There is considerable room for growth in the region’s banking sector. Despite Kurdistan’s growing oil wealth, only 20 per cent of people have bank accounts and 70 per cent of business payments are made in cash. Only recently are cash machines starting to appear in Kurdistan’s cities.
A look at the investment statistics from the past couple of years and a comparison with those of 2012, shows that investment in Iraq and Kurdistan is on the way to doubling. Iraq and Kurdistan have seen their security situation improve and that has sent a very good signal for foreign investors.
“Having our own regional government has encouraged us to start afresh; security and stability are some of the positive attributes of Kurdistan’s burgeoning economy,” says Bayiz Saeed Mohammad Talabani, Minister of Finance and Economy of the Kurdistan Regional Government.
Economic growth in recent years has been impressive and the banking and financial sectors are supporting it. Both public and private sectors are working hand in hand to establish and develop a modern financial system, and they are succeeding. The aim is to measure up to international standards and be connected to world markets. And to reach this goal, foreign direct investment – along with local investment – is needed.
“Financial support continues to be a key priority of the Kurdish economy,” says Mr Talabani. “We welcome those interested in participating in our development projects.”
The emergence of a network of international banks in the Kurdistan Region is enabling the population to learn and to have access to international banking services present in the country, whose business and investment climate has improved over the years. In addition, a lot of administrative facilities have been incorporated, which has made investing in the banking sector much easier today.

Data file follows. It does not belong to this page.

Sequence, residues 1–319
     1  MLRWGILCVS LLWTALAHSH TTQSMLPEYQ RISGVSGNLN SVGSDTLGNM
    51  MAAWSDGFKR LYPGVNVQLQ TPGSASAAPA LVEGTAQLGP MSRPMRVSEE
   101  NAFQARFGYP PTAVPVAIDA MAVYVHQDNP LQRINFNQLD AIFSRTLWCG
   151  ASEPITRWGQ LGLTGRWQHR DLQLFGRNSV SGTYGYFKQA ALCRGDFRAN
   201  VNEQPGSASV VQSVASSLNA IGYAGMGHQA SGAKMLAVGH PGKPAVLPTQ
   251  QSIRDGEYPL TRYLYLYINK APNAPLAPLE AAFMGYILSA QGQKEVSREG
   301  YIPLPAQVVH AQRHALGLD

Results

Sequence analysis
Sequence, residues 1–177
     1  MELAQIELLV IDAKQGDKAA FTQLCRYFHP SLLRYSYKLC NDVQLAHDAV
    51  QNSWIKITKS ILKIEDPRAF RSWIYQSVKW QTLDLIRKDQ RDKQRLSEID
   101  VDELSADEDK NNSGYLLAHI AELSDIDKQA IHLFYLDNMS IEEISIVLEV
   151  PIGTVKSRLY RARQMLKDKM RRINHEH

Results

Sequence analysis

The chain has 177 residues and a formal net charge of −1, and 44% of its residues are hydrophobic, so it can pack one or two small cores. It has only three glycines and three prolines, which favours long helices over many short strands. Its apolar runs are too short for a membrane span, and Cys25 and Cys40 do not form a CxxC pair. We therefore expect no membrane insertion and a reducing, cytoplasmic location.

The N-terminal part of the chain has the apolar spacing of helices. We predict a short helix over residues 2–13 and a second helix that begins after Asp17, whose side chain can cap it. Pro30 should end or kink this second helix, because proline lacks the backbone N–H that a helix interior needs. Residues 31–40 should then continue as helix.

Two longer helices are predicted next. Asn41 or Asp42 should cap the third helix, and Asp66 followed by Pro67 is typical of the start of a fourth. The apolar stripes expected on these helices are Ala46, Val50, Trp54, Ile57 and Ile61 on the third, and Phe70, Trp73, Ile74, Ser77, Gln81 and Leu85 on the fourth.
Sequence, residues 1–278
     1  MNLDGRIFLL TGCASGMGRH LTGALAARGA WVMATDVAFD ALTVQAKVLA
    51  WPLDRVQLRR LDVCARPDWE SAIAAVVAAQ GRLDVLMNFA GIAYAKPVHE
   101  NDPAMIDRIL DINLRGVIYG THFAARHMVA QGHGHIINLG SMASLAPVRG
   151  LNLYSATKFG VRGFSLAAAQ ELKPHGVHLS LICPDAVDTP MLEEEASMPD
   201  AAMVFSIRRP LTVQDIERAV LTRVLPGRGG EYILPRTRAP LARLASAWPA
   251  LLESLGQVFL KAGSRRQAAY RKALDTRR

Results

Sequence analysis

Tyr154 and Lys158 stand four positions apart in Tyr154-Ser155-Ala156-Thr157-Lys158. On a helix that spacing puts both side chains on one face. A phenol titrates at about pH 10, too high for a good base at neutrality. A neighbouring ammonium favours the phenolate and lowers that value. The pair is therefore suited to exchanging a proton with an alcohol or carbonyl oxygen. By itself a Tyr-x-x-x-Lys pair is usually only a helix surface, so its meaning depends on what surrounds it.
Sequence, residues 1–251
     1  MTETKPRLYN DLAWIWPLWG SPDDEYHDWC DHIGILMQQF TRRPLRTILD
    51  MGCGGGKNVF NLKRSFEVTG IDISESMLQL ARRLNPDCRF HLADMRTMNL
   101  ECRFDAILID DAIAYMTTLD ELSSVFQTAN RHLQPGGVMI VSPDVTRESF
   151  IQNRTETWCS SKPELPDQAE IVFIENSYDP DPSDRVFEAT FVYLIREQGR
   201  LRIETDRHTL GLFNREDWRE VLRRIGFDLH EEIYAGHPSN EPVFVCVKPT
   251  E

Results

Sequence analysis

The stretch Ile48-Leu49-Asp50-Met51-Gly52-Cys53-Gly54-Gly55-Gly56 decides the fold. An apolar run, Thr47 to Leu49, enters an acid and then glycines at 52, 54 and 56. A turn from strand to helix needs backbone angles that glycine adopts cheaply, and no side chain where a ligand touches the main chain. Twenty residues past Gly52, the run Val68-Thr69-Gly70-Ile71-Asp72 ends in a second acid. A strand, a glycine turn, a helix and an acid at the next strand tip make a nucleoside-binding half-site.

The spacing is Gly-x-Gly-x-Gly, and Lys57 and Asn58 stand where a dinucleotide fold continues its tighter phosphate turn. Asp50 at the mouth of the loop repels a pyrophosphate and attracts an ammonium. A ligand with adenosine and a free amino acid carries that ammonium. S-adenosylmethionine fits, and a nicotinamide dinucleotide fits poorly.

Some 16.67 per cent of capital investment is dedicated to investment in the banking sector, which means around $2.3 billion in investment projects in the region. The upcoming opening of the Erbil Stock Exchange will offer greater flexibility and transparency for foreign investors and bring Kurdistan closer to the international financial community.
The market in Kurdistan offers some of the largest and most fruitful investments in the world today. With 45 billion barrels of oil reserves and relative safety, the Kurdistan investment market will be one of the most profitable over the next three to five years.
British investors are more than welcome here. Last September, Iraq held a major London convention and offered investors a stake in the country’s economic and financial future. It represented a chance for foreign investors to discover the impressive financial potential in a stabilised Iraq.
Huge opportunities exist across various industries and the appropriate financing and domestic banking sector is being fully established. A very good example of this stability is United Bank. Its Vice-Chairman invites foreign investors to come and see: “Invest in our stocks and be confident in the security and stability of our bank,” he says.